Watching the boats bobbing along on the Hudson River under slate-grey skies that sulk and sneer is enough to give you seasickness. And it begs a bigger question too – are they all at sea or are we? Manhattan is an island – you forget that – but in many ways it makes more sense to think of it as a ship slicing south, with Lower Manhattan its proud prow. This is the start of New York geographically and historically, the part where frigates first arrived and still arrive, packed with commuters in their modern incarnation. But from those ships, looking back at dry land, the island itself reminds you of a liner, the skyscrapers of Lower Manhattan rising up like decks, populated by the rich and the suave.

Strangeness and contrasts: these are the most intoxicating gifts a city can deliver. New York? No doubt as a seasoned traveller you knew it already – its cup runneth over. But Lower Manhattan is a seething, super-powered barrel of contrasts and contradictions, topped off with some curious sights and intriguing secrets.

From the stairwells inside Renzo Piano’s new Whitney Gallery of Modern American Art to the bright red illuminated ‘W’ atop the eponymous hotel over the Hudson River in Hoboken which is lit up like some kind of call to Batman. The art inside the galleries at the Whitney also hints at the everyday American heroics and weirdness of Batman, such as Robert Bechtle’s surreal and sublime painting, ’61 Pontiac, which depicts an American family huddled in front of a car; it’s a painting but looks like a photograph.

But back to those contrasts: they bring Lower Manhattan to life. One lunchtime I eat fried chicken down in the Whitney’s restaurant (a Danny Meyer joint called Untitled) with friends. As we stuff our faces everything seems on pause, you don’t notice what’s around you, you just live. But just few days later I’m wandering south along the Hudson River seashore and it’s the total opposite. I’m concentrating on everything around me – alone but not quite lost, a lonely face in a crowd. I watch couples hunkering against the cold, dog walkers, kids bouncing basketballs. I notice the posters for DJ sets ripped off walls, the fast-food outlets with their neon lights, the serene apartment blocks where the well-heeled recline.

Lower Manhattan is the elemental essence of New York City, and perhaps of America itself. It’s about life and death. New life, new people – everything has been new here for centuries. Immigrants arrived via Ellis Island in the shadow of the Statue of Liberty, and then made landfall here if they were allowed into the US. Their memories linger. The Irish Hunger Memorial is a pile-up or rocks and grasses that evoke Ireland. It all speaks of horrible times when the people starved and when New York seemed like a way out of the mire. I’d been before but couldn’t resist another turn round its spooky pathways, but the Memorial was shut for restoration work on my chilly December visit and will re-open around spring 2017– a must-visit for the year ahead.

A bigger memorial stands nearby – the National September 11 Memorial. The World Trade Center dominated Lower Manhattan, but now its two square footprints are black holes. You can’t see the point at which the water tumbles down beyond the horizon – it could fall right to the earth’s core for all you can see. The depth of the memorial evokes the depth of horror the city felt back in 2001. But life goes on, humans are the most resilient of species. We build because we offer ourselves and our ideas to history, we have children because we believe in the future. New York represents new life, a new world, new hope. New buildings are rising up in Lower Manhattan, like the Oculus, Santiago Calatrava’s crazy cathedral of commerce (a shopping centre which doubles up as a subway station) which looks like a bony ribcage of a dinosaur dug up and put on display. But it’s supposed to evoke a clean, concrete future for Lower Manhattan, which has been a building site for more than 15 years – though not through its own choice.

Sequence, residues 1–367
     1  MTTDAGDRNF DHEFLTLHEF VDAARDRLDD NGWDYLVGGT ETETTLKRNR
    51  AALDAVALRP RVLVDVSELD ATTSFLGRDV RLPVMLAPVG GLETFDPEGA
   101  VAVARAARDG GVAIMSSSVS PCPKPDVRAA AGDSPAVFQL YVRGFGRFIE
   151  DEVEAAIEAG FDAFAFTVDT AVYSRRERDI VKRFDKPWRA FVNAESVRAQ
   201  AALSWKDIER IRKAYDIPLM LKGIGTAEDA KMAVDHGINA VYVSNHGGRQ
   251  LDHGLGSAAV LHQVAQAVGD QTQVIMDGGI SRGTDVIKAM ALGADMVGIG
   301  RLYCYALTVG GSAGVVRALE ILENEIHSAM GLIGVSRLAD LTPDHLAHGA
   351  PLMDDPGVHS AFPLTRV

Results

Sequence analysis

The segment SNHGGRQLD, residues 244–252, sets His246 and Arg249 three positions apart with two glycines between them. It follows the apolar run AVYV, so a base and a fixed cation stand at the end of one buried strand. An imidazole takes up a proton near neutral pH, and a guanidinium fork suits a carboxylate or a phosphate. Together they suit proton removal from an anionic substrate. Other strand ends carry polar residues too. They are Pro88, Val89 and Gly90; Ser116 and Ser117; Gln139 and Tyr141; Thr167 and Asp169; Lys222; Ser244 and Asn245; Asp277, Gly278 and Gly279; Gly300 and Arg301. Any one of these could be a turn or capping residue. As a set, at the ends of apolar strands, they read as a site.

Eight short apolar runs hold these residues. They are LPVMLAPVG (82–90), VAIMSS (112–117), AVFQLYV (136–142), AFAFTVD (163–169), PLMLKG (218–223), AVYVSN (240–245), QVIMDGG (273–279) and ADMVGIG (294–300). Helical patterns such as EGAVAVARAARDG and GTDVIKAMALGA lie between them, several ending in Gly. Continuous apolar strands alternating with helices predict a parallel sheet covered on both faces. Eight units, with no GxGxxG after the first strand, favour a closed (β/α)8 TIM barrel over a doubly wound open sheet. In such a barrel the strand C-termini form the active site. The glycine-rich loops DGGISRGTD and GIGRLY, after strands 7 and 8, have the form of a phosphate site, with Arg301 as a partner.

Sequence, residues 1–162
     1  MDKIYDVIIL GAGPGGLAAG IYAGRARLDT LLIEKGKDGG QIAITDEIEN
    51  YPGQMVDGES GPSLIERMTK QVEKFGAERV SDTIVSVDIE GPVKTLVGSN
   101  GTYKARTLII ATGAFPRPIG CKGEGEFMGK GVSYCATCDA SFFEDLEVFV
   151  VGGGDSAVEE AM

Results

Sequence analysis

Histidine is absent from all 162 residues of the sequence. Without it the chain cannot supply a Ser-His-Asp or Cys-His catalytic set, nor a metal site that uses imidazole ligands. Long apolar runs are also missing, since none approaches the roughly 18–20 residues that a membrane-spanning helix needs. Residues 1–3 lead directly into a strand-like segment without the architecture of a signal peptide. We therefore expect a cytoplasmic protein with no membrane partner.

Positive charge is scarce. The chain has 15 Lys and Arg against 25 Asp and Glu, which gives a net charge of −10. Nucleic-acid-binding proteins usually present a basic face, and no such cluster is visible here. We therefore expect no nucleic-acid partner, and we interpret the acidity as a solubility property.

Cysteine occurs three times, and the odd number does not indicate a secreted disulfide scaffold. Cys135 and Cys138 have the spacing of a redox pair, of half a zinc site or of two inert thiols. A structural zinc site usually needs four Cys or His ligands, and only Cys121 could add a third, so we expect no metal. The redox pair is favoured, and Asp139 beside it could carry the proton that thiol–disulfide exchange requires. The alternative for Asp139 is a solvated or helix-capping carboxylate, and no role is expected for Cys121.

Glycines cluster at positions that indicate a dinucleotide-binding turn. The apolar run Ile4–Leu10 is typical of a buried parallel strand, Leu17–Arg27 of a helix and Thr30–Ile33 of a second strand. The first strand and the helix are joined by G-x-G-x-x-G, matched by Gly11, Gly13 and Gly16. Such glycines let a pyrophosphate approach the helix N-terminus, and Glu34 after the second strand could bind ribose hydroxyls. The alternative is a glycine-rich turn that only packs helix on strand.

One World Trade Center is the shiny skyscraper which replaced the World Trade Center towers. It probes the sky and is the same colour as the sky on sunny days. It’s the tallest building in the Western Hemisphere but there are weirder skyscrapers just round the corner. I revisit 33 Thomas Street, a building I’m familiar with because I wrote about it in a book about brutalist architecture in 2015. It’s the strangest skyscraper in New York because it’s 29 stories tall and, unlike the glassy One World Trade Center, has no windows. Inside its buff atomic bomb-proof walls lie telecoms equipment, and possibly some spies listening into phone calls – if recent revelations are true. Laura Poitras and Henrik Moltke released a new film about this strange building called Project X which was released just a few days before I went to look at it again.

Down on Wall Street there’s nothing hidden. It’s packed with people who make money from money. There’s a strange feeling in the air – Donald Trump has just been elected. But the men in suits soldier on, drink on, speak loudly on into their mobile phones. Taxis honk, steam genuinely rises from manhole covers, policewomen blow their whistles to tell cars to move, cigarettes and exhaust fumes overwhelm, the sound of loud voices echo around me, shoppers carrying Bloomingdales bags bundle towards subway stations, past hotdog carts which reek of meat and sweat.

It’s time for some calm. I find it at the Conrad Hotel where Sol De Witt’s ten-storey tapestry ‘Loopy Doopy’ adds stillness and refinement to the huge atrium. From my bedroom I look back down on the Irish Hunger Memorial, back out to the Hudson and the bobbing boats. The light is fading, the temperature dropping, the streets thinning. But Lower Manhattan will switch itself back on tomorrow, and every day after that. It’s that kind of place.

Main image courtesy of Westfield.

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